In early June, the Utah Department of Workforce Services reported that just over 24,700 residents were receiving some type of unemployment benefit, of which about 12,000 were on traditional benefits as well as the pandemic allowance of $ 300 per week funded by the federal government. About 11,000 others were still receiving unemployment insurance benefits under federal extensions also created to mitigate the economic impacts of COVID-19 on American workers. And about 1,200 Utah workers – people employed by companies like Uber, Lyft, GrubHub and others who are classified as contractors exempt from typical unemployment benefits – have also received benefits under warrants. federal emergency. While federal deadlines for most pandemic-related benefits for the unemployed are due to expire in early September, Cox’s order cut them 10 weeks earlier than expected.

As of July 24, Workforce Services reported that 11,768 Utahns were still registered as unemployed.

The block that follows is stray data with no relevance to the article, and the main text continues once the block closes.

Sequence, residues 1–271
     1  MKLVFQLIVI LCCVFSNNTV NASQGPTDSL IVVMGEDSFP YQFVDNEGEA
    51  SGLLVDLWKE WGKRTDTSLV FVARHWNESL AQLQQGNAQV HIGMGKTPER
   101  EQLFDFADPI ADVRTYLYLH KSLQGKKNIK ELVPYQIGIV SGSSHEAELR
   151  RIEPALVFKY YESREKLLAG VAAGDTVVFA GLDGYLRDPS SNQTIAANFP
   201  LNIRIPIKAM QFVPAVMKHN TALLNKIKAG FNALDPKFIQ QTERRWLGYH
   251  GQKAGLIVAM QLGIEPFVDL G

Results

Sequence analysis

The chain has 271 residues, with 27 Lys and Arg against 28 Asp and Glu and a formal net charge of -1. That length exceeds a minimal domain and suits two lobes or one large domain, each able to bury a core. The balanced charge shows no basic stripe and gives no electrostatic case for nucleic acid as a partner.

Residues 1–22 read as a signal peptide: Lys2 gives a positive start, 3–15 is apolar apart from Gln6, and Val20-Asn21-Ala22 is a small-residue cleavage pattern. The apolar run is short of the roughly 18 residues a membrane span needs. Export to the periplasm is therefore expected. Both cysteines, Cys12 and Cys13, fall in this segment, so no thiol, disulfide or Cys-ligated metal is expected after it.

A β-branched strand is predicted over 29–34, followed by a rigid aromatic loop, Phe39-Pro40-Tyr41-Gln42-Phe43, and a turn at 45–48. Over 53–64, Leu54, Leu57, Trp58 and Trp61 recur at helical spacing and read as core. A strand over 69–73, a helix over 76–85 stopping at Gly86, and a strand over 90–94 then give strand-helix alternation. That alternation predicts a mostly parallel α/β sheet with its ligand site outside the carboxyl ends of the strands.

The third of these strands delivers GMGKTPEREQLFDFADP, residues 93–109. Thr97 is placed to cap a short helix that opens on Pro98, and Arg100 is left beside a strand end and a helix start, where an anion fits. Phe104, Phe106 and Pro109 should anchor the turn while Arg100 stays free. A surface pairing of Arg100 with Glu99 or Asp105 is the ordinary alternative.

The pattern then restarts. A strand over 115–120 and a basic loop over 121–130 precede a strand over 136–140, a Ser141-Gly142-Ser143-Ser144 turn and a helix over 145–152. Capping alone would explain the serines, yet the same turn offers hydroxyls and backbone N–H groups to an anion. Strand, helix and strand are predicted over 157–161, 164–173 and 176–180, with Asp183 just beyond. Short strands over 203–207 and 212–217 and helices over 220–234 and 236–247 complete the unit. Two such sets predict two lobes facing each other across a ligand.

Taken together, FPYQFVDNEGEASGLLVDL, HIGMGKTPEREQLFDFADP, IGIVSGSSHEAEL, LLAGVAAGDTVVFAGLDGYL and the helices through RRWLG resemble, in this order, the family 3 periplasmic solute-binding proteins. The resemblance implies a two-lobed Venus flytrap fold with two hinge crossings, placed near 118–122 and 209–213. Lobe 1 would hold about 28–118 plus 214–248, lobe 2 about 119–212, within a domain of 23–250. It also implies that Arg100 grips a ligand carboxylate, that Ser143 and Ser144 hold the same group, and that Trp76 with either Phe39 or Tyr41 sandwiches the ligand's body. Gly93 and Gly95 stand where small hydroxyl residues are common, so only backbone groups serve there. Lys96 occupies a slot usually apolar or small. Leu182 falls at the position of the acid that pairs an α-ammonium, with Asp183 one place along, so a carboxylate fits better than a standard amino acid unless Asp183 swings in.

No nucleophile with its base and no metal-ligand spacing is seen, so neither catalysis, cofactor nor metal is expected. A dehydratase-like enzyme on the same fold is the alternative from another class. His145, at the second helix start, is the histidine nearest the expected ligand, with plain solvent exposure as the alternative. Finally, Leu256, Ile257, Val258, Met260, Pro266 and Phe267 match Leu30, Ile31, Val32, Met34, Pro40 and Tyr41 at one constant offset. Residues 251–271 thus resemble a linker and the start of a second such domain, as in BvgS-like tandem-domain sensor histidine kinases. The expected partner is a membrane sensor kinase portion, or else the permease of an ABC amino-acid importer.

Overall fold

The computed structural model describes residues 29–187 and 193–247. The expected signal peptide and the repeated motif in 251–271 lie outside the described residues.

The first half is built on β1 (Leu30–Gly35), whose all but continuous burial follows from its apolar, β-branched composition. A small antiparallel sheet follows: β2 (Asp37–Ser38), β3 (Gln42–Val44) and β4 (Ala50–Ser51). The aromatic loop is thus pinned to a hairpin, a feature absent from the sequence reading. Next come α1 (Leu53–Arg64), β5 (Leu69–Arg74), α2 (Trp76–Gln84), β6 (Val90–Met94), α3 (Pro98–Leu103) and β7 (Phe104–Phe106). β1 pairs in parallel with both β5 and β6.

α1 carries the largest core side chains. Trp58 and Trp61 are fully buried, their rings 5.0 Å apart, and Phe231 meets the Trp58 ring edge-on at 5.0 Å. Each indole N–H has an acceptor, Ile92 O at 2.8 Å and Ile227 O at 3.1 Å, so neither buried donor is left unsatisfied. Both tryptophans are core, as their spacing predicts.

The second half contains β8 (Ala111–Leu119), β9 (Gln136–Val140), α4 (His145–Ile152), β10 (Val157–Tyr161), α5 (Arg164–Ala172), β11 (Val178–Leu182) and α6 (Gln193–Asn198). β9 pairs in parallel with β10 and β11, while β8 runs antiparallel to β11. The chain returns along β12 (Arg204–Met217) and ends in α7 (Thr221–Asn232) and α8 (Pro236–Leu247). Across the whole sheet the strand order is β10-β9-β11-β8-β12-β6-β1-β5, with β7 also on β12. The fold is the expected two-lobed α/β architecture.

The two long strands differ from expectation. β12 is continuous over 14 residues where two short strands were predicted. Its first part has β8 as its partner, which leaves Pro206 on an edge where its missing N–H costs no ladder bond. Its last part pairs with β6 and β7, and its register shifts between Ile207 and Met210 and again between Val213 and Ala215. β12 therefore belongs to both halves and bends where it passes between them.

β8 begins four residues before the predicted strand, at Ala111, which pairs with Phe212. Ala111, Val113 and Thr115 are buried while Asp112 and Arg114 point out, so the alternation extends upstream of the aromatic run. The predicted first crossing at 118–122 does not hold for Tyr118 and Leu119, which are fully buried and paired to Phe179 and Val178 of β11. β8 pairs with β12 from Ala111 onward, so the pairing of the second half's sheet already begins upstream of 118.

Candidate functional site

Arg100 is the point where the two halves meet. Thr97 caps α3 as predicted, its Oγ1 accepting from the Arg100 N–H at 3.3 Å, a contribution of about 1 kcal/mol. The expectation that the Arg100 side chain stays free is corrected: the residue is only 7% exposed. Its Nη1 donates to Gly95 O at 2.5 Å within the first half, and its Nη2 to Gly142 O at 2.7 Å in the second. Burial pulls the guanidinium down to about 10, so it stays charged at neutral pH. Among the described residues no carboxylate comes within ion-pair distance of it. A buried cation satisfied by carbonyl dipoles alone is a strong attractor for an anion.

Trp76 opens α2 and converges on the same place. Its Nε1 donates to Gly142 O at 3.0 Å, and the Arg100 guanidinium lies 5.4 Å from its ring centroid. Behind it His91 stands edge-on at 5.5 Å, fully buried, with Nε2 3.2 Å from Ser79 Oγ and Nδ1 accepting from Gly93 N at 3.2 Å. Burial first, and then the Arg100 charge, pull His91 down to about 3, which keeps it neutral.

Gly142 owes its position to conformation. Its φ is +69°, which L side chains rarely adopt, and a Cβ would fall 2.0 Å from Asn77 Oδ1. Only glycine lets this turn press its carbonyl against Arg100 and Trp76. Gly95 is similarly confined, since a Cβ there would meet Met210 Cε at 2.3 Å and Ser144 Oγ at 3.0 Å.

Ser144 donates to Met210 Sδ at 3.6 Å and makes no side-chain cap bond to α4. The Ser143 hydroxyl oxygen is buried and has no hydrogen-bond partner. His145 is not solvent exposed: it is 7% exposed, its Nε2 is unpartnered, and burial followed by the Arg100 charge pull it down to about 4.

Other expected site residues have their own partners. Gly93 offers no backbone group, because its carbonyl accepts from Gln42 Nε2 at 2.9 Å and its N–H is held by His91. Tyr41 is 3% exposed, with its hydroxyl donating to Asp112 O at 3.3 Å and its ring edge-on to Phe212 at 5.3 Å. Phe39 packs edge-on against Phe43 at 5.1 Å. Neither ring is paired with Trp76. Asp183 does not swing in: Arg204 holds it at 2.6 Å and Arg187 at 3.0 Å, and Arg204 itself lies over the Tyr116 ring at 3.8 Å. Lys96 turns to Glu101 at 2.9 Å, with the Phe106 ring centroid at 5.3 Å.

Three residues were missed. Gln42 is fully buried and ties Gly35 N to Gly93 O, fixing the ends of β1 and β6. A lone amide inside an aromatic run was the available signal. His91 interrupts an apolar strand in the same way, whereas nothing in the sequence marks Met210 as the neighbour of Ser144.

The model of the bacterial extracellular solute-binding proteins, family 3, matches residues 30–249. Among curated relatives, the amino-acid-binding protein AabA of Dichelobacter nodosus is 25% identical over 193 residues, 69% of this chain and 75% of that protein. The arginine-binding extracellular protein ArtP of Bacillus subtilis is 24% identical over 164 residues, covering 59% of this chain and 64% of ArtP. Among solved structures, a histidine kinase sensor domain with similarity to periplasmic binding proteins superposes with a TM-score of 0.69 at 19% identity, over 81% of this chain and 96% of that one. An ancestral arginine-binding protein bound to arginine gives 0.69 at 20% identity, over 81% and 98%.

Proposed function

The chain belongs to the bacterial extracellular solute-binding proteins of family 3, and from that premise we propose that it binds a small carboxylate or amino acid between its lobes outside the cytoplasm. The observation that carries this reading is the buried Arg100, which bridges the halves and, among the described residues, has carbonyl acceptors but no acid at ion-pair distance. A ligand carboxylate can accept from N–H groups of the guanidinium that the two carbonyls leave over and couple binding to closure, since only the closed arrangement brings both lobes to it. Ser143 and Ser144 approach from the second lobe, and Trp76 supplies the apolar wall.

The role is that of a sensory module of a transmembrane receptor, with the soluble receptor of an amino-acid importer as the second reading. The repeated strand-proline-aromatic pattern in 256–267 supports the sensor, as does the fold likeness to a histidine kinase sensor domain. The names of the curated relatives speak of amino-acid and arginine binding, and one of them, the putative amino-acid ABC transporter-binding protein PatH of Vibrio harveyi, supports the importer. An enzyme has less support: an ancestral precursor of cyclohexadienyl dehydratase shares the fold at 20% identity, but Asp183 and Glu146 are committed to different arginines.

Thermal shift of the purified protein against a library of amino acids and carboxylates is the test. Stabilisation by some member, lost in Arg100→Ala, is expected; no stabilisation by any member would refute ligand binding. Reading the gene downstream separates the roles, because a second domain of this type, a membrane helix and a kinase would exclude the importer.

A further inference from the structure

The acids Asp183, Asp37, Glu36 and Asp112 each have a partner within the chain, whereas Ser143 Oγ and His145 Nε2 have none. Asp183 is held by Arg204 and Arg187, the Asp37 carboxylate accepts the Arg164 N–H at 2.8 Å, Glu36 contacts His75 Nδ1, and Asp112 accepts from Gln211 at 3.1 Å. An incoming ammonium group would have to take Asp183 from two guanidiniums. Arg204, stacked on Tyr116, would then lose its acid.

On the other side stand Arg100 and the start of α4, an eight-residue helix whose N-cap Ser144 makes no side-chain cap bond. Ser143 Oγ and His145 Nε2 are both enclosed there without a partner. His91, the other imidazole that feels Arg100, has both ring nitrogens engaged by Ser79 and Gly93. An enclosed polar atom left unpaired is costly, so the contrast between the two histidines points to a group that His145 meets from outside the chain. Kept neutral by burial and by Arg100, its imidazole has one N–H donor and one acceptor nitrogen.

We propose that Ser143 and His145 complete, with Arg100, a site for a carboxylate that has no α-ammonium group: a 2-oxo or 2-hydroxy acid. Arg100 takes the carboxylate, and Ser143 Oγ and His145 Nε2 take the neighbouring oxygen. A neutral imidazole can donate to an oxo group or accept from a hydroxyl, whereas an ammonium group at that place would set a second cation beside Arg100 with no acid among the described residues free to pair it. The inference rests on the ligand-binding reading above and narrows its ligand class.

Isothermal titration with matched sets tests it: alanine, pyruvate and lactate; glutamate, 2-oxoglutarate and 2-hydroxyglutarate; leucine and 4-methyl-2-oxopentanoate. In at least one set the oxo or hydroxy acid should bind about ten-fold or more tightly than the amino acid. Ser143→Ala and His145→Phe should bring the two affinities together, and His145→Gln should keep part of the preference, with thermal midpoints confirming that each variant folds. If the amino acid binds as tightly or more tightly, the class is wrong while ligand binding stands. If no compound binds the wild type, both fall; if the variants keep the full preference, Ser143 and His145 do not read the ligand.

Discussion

Some Utah lawmakers saw the early cancellation of benefits as an unwelcome change.

Following Cox’s announcement, Utah House Minority Leader Brian King, D-Salt Lake City, highlighted these factors while expressing frustration with the governor’s decision to end the benefits. in Utah.

“I mean, it’s the perfect example of a disconnect between people in normal life and people who are struggling to get back on their feet,” King said. “There are many, many people who are worried – afraid – of going back to work.”

What “frustrates me the most,” King said, is that Cox’s decision “reflects this thinking from many across the aisle that people don’t want to work. This is fundamentally wrong. “

Seegert said Utah’s current enviable economic vitality must pay tribute to the actions taken by Cox and state lawmakers, as well as the federal economic stimulus measures related to the pandemic, which have enabled the state to perform better than almost any other place in the country.